Americans. Food stamps are government-issued Another general assistance program is medicaidâ€”
coupons that can be redeemed for food. They a joint federal-state medical insurance program
may be given or sold to eligible low-income per- for low-income people. Under the program, the
sons. If, for example, a person pays 40 cents for a federal government pays a majority of health-care

CHAPTER 14: ECONOMIC INSTABILITY 397
costs, and the state governments pay the rest of the Tax Credits
cost. Medicaid serves millions of Americans, Many working low-income Americans qualify
including children, the visually impaired, and the for special tax credits. The most popular is the
disabled. Earned Income Tax Credit (EITC) which pro-
vides federal tax credits and sometimes cash to
Social Service Programs low-income workers. The credit was created in
1975 to partially offset the payroll tax burden on
Over the years, the individual states have devel-
working families. The credit is applied first to fed-
oped a variety of social service programs to help
eral income taxes, but low-income workers can
the needy. These include such areas as child abuse
take the remainder of the credit in cash if the
prevention, foster care, family planning, job train-
credit is larger than the taxes owed. The credit has
ing, child welfare, and day care.
proved to be popular, with approximately 20 mil-
Although the states control the kinds of serv-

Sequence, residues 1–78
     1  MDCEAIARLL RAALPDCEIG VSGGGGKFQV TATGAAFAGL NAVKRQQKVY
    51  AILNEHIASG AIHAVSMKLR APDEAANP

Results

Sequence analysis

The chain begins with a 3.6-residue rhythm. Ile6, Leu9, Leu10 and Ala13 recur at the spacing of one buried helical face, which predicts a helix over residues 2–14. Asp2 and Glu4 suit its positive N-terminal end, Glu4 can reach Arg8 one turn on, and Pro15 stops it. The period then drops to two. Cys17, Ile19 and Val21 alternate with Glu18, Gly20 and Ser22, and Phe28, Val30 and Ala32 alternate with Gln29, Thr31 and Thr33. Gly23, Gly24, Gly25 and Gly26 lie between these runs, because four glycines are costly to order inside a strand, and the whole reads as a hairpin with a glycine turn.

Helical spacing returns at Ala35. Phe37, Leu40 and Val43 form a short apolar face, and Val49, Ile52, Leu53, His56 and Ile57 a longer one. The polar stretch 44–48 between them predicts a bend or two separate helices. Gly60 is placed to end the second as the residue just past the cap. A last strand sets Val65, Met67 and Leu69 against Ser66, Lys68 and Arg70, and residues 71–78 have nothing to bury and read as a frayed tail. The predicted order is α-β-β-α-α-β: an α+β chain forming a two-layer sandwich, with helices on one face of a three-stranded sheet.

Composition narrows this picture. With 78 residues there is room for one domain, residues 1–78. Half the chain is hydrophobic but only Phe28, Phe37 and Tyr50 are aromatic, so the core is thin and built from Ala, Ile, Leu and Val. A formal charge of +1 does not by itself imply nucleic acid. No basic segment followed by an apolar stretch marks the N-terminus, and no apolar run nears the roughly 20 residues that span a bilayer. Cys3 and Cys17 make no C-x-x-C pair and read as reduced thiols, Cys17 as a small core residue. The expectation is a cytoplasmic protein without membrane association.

lion working families receiving nearly \$30 billion
ices the programs provide, the federal government
annually.
matches part of the cost. To be eligible for match-
ing funds, a state must file an annual service plan.
If the plan is approved, the state is free to select Enterprise Zones
social issues it wishes to address, set the eligibility
Special enterprise zones are areas where compa-
requirements for the programs, and decide how
nies can locate free of some local, state, and federal
the programs are to be carried out.
tax laws and other operating restrictions. Many
enterprise zones are established in run-down or
depressed areas. This benefits area residents
because they can find work without worrying about
transportation, thereby helping depressed areas to
grow again.
Nearly everyone agrees that a healthy and grow-
Urban Planners ing economy helps alleviate poverty. The enter-
prise zone concept is an attempt to focus some of
Most urban and regional
that growth directly in the areas that need it most,
planners work for com-
making more employment opportunities available.
munity, county, and city
governments.
Workfare Programs
The Work
Because of rising welfare costs, many state and
Planners develop compre-
local governments require those individuals who
hensive plans for the devel-
opment and rebuilding of receive welfare to provide labor in exchange for ben-
communities. Planners rec- efits. Workfare is a program that requires welfare
ommend strategies on how recipients to exchange some of their labor for bene-